All information that you store in Couchbase Server are documents with keys. Keys are unique identifiers for a document, and values are either JSON documents or if you choose the data you want to store can be byte stream, data types, or other forms of serialized objects.
Keys are also known as document IDs and serve the same function as a SQL primary key. A key in Couchbase Server can be any string, including strings with separators and identifiers, such as 'person_93679.' A key is unique.
By default, all documents contain three types of metadata which are provided by the Couchbase Server. This information is stored with the document and is used to change how the document is handled:
Cas Value —Also called cas token or cas ID; this is a unique identifier associated with a document, and verified by the Couchbase Server before a document is deleted or changed. This provides a form of basic optimistic concurrency; when Couchbase Server checks a CAS value before changing data, it effectively prevents data loss without having to lock records. Couchbase Server will prevent a document from being altered by an operation if another process alters the document and its CAS value, in the meantime.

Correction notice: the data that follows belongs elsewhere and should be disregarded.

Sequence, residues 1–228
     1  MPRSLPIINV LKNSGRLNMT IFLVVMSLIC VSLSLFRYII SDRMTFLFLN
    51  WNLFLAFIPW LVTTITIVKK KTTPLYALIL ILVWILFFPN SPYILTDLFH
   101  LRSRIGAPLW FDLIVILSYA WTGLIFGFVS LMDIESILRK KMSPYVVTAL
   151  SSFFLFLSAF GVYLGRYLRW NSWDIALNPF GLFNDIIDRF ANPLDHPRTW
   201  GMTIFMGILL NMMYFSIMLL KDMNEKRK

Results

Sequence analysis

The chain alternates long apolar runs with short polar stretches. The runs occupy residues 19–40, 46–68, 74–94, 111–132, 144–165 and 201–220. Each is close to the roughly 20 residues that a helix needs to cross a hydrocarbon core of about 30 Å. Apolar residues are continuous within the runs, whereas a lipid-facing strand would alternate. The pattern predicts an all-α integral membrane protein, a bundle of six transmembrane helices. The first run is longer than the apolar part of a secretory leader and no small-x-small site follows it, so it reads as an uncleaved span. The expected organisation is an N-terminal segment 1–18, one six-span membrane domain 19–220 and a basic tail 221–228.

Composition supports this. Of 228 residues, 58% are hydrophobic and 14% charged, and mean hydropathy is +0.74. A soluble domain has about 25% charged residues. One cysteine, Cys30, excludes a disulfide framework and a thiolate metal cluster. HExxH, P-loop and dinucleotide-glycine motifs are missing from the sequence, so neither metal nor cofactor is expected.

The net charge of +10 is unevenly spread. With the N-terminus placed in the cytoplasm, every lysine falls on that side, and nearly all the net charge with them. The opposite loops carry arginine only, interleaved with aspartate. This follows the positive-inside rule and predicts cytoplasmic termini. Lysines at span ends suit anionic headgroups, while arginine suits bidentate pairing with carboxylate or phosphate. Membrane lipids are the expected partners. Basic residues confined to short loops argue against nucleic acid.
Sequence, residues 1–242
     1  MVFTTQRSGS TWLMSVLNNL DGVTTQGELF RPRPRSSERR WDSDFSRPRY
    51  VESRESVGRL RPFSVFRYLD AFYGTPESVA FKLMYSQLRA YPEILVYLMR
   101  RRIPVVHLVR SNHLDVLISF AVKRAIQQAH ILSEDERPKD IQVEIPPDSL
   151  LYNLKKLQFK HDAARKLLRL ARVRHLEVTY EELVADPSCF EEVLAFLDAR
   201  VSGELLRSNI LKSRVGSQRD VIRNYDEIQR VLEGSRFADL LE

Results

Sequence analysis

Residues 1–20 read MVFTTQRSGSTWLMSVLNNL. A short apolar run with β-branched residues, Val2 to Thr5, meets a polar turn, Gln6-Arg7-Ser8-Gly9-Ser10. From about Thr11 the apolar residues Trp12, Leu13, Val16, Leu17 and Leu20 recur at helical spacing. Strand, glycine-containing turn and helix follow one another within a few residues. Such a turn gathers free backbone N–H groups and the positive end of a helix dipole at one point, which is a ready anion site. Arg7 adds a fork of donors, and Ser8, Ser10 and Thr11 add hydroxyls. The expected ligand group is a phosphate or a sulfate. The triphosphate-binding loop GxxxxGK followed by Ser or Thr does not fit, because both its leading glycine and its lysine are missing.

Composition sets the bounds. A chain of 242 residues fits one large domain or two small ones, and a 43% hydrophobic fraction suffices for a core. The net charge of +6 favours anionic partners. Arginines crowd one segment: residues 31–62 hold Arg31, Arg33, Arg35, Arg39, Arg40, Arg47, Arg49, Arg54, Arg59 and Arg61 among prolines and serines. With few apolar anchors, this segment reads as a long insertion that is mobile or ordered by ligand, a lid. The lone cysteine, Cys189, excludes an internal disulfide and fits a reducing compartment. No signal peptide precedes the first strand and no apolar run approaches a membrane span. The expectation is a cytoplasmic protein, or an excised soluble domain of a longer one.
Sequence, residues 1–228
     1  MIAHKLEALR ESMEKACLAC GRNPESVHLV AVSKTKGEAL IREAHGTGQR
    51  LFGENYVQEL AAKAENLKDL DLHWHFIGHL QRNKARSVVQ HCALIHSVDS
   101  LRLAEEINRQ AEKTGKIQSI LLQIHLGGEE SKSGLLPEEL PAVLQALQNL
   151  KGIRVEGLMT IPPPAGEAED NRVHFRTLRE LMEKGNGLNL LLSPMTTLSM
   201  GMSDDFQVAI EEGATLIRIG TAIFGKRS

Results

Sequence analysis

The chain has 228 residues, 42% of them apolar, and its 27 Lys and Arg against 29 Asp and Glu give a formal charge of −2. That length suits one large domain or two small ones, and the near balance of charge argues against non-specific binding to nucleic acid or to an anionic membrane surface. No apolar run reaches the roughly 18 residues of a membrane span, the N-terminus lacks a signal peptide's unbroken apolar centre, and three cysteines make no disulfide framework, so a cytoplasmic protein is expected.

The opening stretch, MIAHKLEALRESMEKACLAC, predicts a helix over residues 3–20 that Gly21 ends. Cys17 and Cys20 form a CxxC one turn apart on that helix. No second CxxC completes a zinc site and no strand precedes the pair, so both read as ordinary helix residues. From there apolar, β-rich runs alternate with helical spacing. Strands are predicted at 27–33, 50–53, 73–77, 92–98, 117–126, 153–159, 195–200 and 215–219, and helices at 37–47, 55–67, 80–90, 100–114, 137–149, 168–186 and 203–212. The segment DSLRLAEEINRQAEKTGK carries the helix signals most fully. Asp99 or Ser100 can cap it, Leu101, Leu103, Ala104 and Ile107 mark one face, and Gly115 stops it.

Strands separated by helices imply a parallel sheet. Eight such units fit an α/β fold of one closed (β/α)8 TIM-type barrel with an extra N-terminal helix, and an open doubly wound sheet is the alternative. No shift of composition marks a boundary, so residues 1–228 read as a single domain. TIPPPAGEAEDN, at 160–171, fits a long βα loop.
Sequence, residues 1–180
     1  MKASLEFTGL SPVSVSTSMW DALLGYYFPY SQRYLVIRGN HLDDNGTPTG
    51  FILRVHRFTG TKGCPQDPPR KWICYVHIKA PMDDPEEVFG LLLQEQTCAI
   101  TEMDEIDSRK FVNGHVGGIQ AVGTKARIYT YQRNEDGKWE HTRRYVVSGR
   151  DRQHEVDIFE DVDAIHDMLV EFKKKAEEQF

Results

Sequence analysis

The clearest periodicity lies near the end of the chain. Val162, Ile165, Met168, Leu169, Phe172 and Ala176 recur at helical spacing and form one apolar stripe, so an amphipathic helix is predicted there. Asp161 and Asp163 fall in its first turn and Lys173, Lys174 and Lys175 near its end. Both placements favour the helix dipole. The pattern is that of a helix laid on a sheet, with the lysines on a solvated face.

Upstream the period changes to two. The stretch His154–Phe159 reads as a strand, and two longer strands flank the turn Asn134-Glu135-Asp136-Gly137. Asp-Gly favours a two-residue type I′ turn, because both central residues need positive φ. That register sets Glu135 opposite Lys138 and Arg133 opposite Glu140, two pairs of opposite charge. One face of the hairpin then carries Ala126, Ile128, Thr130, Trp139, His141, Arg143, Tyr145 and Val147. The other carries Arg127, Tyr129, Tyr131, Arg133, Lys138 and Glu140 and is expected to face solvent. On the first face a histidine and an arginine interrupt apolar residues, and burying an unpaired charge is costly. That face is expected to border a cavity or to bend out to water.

Time to Live (ttl) — This is an expiration for a document typically specified in seconds. By default, any document created in Couchbase Server that does not have a given ttl will have an indefinite life span and will remain in Couchbase Server unless an explicit delete call from a client removes it. The Couchbase Server will delete values during regular maintenance if the ttl for an item has expired.
The expiration value deletes information from the entire database. It has no effect on when the information is removed from the RAM caching layer.
Flags —These are SDK- specific flags which are used to provides a variety of options during storage, retrieval, update, and removal of documents. Typically flags are optional metadata used by a Couchbase client library to perform additional processing of a document. An example of flags include the ability to specify that a document be formatted a specific way before it is stored.